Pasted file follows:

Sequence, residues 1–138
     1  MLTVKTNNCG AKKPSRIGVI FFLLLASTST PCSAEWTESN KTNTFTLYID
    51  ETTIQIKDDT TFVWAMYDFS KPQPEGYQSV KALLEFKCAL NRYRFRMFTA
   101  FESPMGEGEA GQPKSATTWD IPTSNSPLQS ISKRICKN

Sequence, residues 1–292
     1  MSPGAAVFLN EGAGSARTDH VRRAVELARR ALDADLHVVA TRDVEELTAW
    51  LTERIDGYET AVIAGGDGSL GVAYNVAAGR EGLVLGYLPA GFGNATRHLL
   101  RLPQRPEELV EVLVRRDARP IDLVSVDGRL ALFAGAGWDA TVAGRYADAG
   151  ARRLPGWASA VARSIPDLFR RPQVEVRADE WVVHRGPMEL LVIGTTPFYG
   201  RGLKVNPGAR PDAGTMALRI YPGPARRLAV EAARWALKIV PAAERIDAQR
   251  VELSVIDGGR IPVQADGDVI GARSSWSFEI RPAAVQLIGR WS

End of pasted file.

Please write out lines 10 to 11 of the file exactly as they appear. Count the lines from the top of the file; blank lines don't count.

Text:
   201  RGLKVNPGAR PDAGTMALRI YPGPARRLAV EAARWALKIV PAAERIDAQR
   251  VELSVIDGGR IPVQADGDVI GARSSWSFEI RPAAVQLIGR WS